Holding & subsidiary company:

Under Section 2(46) of the Companies Act, 2013, a company is known as the holding company of another company if it has administrative control over another company. Under Section 2(87) of the Companies Act, 2013, a company is known as subsidiary of another company when control is exercised by the latter over the former called a subsidiary company.

     A company will be a holding company of another in the following scenarios:

  • Controls the composition of the Board of Directors of the other company.
  • Exercises or controls more than 50% of the total share capital either on its own or together with one or more of its subsidiary companies.

Associate company:

These Companies as defined under Section 2(6) of the Companies Act, 2013, In relation to another company, means a company in which that other company has a significant influence, but which is not a subsidiary company of the company having such influence and includes a joint venture company.

Significant influence is derived either from control of at-least 20% of the total share capital, or of business decisions under an agreement.

Investment company:

The Investment Companies as defined under section 186 of the Companies Act, 2013, are the companies which have a fundamental business or transaction relating to the securities of other companies. Securities may be of a nature of shares or debenture or other securities offered by such entity.

  1. On the basis of object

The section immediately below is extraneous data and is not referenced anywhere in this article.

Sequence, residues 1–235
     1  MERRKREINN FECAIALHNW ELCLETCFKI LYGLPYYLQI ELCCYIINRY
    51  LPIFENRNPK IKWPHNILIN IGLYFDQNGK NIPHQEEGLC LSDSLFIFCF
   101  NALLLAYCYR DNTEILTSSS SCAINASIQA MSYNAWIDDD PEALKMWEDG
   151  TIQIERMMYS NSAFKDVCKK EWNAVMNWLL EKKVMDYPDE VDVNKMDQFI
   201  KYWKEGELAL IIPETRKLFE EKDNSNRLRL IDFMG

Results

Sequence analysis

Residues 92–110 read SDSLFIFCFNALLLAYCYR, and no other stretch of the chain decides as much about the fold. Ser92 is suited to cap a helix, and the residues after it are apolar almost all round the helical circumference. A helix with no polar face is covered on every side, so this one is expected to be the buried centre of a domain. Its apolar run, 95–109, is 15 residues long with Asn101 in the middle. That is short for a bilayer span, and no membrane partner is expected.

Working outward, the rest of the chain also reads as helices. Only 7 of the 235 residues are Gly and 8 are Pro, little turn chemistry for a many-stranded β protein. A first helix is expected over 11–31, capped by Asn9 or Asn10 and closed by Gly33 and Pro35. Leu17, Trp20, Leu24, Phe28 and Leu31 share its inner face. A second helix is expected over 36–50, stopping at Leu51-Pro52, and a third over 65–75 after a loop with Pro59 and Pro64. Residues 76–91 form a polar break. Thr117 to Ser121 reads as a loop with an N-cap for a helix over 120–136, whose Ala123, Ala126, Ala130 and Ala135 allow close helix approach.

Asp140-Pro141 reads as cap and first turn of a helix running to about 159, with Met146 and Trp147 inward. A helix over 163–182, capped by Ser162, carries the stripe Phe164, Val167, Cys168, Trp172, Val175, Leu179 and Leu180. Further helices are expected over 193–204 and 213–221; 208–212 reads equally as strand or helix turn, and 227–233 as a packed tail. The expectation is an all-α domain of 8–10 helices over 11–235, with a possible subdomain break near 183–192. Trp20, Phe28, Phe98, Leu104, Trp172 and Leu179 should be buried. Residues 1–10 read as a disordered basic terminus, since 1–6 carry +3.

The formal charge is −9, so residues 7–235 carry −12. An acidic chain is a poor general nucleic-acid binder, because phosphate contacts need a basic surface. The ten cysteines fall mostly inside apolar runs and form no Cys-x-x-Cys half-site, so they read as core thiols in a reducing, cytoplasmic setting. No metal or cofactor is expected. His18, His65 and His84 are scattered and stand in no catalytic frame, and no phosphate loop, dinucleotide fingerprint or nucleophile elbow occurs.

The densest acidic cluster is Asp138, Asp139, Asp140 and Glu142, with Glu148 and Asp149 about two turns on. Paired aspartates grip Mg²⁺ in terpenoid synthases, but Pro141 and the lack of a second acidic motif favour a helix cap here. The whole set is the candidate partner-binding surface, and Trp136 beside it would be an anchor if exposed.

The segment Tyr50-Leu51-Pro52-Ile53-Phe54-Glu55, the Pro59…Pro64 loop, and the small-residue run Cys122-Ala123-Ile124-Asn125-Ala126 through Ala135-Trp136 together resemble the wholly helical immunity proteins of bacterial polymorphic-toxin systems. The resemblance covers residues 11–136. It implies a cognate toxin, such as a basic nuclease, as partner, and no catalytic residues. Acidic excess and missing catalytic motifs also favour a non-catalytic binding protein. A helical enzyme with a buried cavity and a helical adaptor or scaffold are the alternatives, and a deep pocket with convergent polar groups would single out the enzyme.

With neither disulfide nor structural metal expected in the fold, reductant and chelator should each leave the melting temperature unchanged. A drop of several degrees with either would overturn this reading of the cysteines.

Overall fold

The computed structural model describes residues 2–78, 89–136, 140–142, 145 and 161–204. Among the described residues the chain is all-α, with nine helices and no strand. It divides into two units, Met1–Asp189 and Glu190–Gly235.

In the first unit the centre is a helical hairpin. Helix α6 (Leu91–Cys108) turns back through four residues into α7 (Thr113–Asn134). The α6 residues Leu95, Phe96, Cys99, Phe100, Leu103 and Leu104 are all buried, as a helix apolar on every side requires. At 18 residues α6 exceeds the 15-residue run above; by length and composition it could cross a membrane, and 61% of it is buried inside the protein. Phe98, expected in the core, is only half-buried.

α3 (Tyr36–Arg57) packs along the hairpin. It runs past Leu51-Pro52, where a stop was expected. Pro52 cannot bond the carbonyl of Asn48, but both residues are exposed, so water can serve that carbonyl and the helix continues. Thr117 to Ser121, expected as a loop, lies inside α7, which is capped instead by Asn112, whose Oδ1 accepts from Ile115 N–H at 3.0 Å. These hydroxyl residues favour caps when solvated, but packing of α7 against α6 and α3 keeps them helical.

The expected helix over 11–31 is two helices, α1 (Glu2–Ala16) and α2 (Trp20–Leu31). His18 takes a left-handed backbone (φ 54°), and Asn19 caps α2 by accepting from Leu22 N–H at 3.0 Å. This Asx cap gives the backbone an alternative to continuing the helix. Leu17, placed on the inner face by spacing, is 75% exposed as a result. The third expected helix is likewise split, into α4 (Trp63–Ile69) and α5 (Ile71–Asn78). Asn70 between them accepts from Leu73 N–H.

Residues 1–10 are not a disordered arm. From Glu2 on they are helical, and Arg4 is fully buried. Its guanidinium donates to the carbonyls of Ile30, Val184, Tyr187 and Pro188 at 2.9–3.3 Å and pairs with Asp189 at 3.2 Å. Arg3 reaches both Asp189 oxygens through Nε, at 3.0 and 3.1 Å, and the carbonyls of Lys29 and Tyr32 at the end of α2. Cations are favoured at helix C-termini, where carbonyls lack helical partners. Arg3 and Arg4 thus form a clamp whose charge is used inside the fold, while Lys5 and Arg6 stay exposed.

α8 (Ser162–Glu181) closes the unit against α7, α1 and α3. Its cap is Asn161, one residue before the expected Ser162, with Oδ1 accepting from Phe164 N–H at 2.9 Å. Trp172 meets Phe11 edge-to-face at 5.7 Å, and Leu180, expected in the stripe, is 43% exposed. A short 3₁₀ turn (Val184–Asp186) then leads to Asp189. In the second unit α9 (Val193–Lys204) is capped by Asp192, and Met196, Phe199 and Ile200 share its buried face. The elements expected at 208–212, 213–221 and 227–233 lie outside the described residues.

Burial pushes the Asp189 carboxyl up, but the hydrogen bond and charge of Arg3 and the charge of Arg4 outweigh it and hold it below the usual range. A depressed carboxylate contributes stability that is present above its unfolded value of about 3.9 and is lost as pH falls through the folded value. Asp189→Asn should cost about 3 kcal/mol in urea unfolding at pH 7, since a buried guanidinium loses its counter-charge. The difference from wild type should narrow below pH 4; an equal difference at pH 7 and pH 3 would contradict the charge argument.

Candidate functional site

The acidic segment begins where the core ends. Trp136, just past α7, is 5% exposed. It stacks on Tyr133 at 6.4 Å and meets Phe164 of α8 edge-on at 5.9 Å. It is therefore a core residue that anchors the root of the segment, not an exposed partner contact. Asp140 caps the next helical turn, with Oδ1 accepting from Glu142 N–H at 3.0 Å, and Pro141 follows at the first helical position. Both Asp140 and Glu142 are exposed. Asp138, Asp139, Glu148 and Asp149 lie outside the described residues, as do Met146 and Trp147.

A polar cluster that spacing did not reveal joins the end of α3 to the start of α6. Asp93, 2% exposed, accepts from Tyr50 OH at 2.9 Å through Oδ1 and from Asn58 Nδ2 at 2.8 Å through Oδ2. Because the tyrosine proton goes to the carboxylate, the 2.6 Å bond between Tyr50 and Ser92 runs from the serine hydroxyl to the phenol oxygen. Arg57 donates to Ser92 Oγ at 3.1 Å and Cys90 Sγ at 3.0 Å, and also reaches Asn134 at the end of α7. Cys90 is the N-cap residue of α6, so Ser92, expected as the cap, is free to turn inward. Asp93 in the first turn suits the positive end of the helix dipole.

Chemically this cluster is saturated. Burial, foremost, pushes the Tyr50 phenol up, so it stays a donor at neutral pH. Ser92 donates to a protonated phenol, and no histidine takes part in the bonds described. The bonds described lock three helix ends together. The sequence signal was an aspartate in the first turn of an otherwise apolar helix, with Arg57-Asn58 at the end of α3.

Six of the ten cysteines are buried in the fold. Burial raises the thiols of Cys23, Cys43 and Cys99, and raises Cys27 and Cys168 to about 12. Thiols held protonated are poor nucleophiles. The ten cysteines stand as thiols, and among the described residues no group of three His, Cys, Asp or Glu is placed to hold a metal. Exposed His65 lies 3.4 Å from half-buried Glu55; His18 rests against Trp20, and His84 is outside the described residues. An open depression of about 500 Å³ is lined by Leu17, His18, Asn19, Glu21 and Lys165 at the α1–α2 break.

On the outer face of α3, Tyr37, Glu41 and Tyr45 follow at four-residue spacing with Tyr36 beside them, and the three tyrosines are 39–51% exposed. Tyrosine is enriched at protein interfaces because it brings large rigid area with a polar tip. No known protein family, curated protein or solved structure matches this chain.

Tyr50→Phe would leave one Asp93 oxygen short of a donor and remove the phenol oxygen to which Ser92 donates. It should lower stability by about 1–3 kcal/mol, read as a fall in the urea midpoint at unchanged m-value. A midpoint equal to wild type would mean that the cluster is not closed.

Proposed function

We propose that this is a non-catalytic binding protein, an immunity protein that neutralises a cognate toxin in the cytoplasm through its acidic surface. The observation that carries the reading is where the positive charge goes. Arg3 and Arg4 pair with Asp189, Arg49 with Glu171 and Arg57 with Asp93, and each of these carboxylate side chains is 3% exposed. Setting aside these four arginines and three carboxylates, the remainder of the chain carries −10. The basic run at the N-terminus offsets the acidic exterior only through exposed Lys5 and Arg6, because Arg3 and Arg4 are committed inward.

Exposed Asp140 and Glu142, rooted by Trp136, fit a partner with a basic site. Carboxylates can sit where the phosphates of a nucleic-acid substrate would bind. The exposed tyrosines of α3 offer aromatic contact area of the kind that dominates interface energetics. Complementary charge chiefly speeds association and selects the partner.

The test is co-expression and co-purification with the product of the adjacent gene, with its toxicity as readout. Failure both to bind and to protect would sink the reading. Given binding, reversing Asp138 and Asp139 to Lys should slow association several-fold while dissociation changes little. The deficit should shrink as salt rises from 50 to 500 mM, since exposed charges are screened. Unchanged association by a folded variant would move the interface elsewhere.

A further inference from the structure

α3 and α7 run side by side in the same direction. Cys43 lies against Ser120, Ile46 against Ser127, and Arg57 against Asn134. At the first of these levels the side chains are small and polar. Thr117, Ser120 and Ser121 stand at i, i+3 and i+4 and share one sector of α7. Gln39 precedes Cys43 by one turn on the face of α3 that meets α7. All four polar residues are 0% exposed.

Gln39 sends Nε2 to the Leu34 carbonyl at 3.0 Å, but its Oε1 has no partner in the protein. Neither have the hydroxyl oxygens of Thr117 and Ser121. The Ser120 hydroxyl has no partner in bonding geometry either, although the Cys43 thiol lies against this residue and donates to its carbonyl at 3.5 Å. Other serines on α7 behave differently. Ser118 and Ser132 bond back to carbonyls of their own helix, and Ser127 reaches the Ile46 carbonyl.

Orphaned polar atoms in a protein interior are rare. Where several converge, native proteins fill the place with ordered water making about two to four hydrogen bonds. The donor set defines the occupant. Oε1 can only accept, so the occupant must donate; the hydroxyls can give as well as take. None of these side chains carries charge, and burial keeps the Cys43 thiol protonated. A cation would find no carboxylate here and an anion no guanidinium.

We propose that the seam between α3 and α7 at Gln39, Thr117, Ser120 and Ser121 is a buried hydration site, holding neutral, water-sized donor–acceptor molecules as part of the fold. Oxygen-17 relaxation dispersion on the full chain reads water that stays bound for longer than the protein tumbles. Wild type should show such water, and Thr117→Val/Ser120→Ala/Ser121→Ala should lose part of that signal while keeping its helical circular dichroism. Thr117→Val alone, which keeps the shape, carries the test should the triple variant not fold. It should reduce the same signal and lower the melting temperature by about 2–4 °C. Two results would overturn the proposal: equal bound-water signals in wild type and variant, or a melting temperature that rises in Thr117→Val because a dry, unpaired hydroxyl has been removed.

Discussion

Not for Profit Company:

A company whose sole objective is to promote commerce, art, science, sports education, research, social welfare, religion, charity, protection of environment or any other useful purpose and not having any profit motive will be termed as a not-for-profit company. Such a company must apply its profits or other incomes in promoting its objects. It mustn’t make any payment of dividend to its members. Section 8 of Companies Act, 2103 is the only type of company that is a not-for-profit company.

These companies were previously defined under Section 25 of Companies Act, 1956 with more or less the same provisions. The new Act has, however, prescribed more objectives that Section 8 companies can have.

Famous examples of Section 8 companies include Federation of Indian Chambers of Commerce and Industry (FICCI) and Confederation of Indian Industries (CII). The objective of these companies is facilitating the growth of trade and commerce and India.

Nidhi Company:

Nidhi means a company which has been incorporated with the object of developing the habit of thrift and reserve funds amongst its members and also receiving deposits and lending to its members only for their mutual benefit. Nidhi companies existed even prior to the existence of companies Act 2013. The basic concept of nidhi is “Principle of Mutuality”

A nidhi company is a type of company in the Indian non-banking finance sector, recognized under section 406 of the Companies Act, 2013. Their core business is borrowing and lending money between their members.  Reserve Bank of India is empowered to issue directions to them in matters relating to their deposit acceptance activities.

 Nidhi companies are governed by Nidhi Rules, 2014. They are incorporated in the nature of Public Limited company and hence, they have to comply with two set of norms, one of Public limited company as per Companies Act, 2013 and another is for Nidhi rules, 2014. No RBI approval is necessary to register the company


Disclaimer: The entire contents of this article are solely for information purpose. The contents of this article have been prepared in accordance with the relevant provisions, and information available at the time of preparation.